Real Responsibilities or Fun and Games?
Some time has passed after my second blog entry and whilst writing this one I am closer to the end of my 6 week internship than I am to the beginning. Initially I planned to split the blog entry into two separate parts: work/responsibility related and leisure/lifestyle related. I believe that sticking to that plan is a good idea as I want this entry to be detailed to the interested reader and hopefully it’s going to be of some use.
Position, responsibilities and everyday work:
To recap some of the information mentioned earlier, I am Andrius Juozapaitis and I am currently working as an intern in the Global Business Development department of Samsung SDS in Seoul, South Korea. The department has recently been restructured: the original Strategy and Marketing department has been split into Global BD, Global Planning and Global Support. In general, the BD department is around 15 people, however it is expanding. Samsung SDS on a wider-scale is undergoing a massive re-orientation from a Samsung-Group facing business into an externally and globally focused IT integration service provider. As it is seeking growth outside of the Group’s premises it means that the development of internal resources which are supposed to ‘capture’ external business is very much ‘under construction’. To have around 15 people working with ‘global’ business acquisition is more reminiscent of a start up than a 12 000 employee company. Then again, given its unique ‘group-serving’ nature, it is not a huge surprise, especially given the fact that SDS is betting on the global Samsung brand, mainly influenced by Samsung Electronics’ consumer products, to fuel its global expansion.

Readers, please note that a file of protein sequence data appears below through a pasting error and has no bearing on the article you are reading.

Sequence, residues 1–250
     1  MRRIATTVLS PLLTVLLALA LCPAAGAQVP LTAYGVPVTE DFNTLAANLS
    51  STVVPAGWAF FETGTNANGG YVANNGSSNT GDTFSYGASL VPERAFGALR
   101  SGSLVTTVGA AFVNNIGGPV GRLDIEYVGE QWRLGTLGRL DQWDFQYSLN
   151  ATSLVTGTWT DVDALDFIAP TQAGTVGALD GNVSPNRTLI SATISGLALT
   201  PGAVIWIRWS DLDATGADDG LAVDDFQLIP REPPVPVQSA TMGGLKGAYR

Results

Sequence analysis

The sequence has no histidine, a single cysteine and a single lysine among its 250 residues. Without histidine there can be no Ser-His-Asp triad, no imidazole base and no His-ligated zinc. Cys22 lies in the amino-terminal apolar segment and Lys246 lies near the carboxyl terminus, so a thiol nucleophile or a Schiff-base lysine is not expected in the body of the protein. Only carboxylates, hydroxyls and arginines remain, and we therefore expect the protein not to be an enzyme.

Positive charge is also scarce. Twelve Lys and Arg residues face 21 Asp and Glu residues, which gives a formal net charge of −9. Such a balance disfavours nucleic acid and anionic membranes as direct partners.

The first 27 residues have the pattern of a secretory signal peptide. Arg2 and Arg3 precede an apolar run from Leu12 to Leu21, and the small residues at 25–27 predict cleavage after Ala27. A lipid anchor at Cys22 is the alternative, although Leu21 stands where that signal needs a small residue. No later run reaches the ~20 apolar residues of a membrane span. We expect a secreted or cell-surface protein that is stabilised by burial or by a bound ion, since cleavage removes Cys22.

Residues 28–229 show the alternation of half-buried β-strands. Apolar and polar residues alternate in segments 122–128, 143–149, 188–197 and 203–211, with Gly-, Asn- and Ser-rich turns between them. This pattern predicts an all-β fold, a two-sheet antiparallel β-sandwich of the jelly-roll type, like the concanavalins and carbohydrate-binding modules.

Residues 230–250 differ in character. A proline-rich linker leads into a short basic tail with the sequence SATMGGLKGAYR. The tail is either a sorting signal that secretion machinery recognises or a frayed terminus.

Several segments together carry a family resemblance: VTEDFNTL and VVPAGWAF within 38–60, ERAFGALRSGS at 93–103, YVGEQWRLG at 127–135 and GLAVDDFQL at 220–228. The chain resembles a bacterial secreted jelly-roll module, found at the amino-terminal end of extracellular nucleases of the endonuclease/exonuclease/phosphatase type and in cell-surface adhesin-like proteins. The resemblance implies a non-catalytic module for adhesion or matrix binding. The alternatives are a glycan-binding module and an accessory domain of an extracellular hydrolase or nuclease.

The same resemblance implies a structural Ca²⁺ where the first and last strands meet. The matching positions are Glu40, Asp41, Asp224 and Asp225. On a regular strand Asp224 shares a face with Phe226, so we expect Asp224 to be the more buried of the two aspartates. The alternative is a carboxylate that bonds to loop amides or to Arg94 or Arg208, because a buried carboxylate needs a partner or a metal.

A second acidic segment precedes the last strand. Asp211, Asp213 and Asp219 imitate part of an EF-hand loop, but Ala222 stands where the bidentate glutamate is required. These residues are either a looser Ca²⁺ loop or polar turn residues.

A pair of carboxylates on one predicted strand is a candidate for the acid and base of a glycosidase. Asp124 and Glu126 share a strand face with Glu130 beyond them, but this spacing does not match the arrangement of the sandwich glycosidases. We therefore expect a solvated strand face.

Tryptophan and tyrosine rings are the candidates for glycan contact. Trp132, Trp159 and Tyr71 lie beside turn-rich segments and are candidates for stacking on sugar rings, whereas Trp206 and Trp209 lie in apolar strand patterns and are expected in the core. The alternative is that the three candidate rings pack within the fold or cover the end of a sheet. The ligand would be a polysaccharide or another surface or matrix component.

The people in the department are responsible either for geographical regions, such as South America, China, the Middle-East etc. or business sub-areas, namely ‘Global Strategic Alliances’, which stands for partnerships with various local or regional players, established in order to attract and develop business opportunities. My personal geographical focus is Europe – no big surprise in here. However, things get a bit more complicated with regards to the specific project responsibilities. As the department has undergone a restructuring (quite a usual thing in Samsung in general from what I heard) and some of the people have been on business trips (Europe included) the ‘internship-project’ was not the only or main priority of my co-workers. After then induction the two of us were given a very broad scope of responsibilities: market analysis, competitor analysis, strategic alliance analysis and an attack plan for 4 European countries: the UK, Poland, the Czech Republic and Romania. This was supposed to cover two service lines: intelligent transport solutions (ITS) and digital space convergence (DSC – a term which Samsung SDS came up with themselves; it reflects fancy IT and design solutions merged into one service, or flashy touch screens and smart electronic appliances applied in library, museum or other spaces, such as retail banks).